Small Island Cultures Research Initiative
SICRI Background & Mission
SICRI was established in 2004 to facilitate communication and collaboration between researchers and cultural practitioners working with small island communities.
SICRI’s principal aim is to research and assist the maintenance and development of the language, literature, music, dance, folkloric and media cultures of small island communities. It aims to identify potential research partners and appropriate strategies and funding sources to benefit small island cultures and those researching them.
Key to SICRI’s activities is the principle that external researchers should develop their projects in consultation with island communities and should reciprocate such co-operation with appropriate assistance and facilitation of local cultural initiatives.
SICRI operates with reference to broader concepts of cultural heritage [see UNESCO, 2003: What is Cultural Heritage and Types of Cultural Heritage]; consideration of island communities as (simultaneously) isolated and connected; and is concerned to address the impacts and potentials offered by tourism.
SCU Island Cultures Research Projects
SICRI is hosted by the Division of Research, Southern Cross University (Australia) – www.scu.edu.au. The Division also supports the publication of the biannual online refereed publication Shima: The Internation Journal of Research into Island Cultures – www.shimajournal.org
Call for papers
The 12th International Small Island Cultures conference will be held in Naha (Okinawa) from June 17th-20th 2016 at the Okinawa Prefectural University of the Arts. The main conference theme will be ‘Island Music and Dance’ and paper proposals will be invited on any aspect of this topic (traditional or modern).
Papers on others aspects of Island Cultures will also be considered and will be programmed separately.
Papers will be a maximum of 20 minutes in duration and will be delivered in English. Proposals for panels will also be considered.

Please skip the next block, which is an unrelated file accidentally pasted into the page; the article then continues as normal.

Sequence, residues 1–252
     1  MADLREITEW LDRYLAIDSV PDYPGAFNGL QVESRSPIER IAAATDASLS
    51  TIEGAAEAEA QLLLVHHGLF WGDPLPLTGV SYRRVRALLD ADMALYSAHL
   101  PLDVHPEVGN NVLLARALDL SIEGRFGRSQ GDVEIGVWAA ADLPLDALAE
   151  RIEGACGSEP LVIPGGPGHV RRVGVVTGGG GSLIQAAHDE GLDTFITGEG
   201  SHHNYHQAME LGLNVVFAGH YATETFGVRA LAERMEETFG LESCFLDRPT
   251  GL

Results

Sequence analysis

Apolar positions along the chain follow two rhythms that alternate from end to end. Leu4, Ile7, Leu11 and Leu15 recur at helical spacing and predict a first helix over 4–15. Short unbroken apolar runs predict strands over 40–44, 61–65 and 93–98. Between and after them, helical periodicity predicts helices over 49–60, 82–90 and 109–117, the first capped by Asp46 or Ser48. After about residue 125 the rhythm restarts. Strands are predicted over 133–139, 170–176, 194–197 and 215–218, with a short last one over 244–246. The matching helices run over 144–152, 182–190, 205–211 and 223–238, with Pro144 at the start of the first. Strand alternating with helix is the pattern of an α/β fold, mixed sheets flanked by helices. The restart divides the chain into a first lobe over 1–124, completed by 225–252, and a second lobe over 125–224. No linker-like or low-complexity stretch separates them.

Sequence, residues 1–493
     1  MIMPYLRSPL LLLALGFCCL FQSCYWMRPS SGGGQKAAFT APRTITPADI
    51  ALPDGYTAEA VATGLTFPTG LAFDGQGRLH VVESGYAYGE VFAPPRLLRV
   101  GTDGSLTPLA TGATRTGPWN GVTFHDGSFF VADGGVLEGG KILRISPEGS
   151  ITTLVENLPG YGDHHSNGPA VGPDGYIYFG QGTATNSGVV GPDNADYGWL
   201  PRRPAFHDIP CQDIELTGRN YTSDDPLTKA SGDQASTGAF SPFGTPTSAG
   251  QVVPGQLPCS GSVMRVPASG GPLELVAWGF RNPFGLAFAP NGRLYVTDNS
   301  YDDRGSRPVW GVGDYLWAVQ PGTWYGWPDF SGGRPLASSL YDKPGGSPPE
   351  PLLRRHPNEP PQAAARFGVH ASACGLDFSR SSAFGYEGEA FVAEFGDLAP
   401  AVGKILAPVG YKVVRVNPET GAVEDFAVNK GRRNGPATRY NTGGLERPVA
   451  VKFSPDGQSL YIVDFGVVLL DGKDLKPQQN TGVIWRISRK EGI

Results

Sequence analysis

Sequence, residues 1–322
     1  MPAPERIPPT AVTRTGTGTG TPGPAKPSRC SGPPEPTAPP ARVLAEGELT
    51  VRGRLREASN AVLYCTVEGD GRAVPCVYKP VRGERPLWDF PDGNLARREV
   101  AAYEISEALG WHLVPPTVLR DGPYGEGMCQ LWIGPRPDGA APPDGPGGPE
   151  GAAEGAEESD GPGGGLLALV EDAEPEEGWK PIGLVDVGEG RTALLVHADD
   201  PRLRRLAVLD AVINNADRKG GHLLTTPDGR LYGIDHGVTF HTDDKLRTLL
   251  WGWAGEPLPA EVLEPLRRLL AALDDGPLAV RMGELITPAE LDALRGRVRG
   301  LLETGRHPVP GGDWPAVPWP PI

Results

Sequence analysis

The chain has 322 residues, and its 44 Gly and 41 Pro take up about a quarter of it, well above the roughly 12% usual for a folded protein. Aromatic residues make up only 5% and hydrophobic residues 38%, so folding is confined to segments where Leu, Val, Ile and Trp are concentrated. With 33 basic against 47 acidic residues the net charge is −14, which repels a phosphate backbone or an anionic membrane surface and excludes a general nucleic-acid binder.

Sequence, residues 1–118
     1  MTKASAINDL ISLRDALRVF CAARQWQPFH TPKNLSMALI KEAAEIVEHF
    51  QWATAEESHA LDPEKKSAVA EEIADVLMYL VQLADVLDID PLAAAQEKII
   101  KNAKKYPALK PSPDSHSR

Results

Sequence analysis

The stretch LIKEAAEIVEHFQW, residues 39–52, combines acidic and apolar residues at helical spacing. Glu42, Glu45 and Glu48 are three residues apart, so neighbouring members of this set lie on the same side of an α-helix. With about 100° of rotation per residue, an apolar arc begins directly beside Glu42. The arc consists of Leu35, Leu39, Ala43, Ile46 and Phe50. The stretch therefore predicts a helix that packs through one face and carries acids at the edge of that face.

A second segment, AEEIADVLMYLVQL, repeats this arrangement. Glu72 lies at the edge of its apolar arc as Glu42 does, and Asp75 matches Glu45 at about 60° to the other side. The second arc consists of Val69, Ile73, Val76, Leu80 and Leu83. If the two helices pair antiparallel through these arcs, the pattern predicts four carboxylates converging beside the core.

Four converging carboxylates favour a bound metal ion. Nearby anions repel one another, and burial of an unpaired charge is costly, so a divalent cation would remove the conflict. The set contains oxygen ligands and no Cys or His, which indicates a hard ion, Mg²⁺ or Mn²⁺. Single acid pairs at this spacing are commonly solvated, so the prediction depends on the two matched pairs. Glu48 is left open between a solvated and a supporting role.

A program of musical performances is also planned to accompany the event (and Naha’s lively music club area is easily accessible from the conference venue).
Conference co-ordinators – Professor Junko Konishi (Okinawa Prefectural University of the Arts) and Professor Philip Hayward (University of Technology, Sydney)
An early acceptance program is now open and proposals for papers should be submitted to firstname.lastname@example.org by November 30th 2015 to access this (applications will be dealt with individually with a quick turnaround). Provided that there are still sufficient schedule slots available, a further general call for papers will be made in early 2016. Please note that we anticipate a high degree of interest in this event and paper proposers are advised to submit proposals as early as possible.
- Should be 250-300 words long
- Should not contain footnotes or bibliographic references
- Should be in this format: title, author name, institution, email address, keywords (maximum 8), abstract
Delegates will be invited to submit expanded versions of their papers on island music and dance for consideration for a themed double issue of Shima: The International Journal of Research into Island Cultures.
Travel and accommodation information can be found on the ISIC12 page.
Information on Naha
Naha is the main city in Okinawa, in the south of Japan. It has a major airport served by regular flights from Osaka and Tokyo. There is a reliable and convenient rail line from the airport into the city. There is a range of accommodation options available. Naha is a safe city to visit, has an exceptionally lively local cultural scene, excellent cuisine and a warm climate.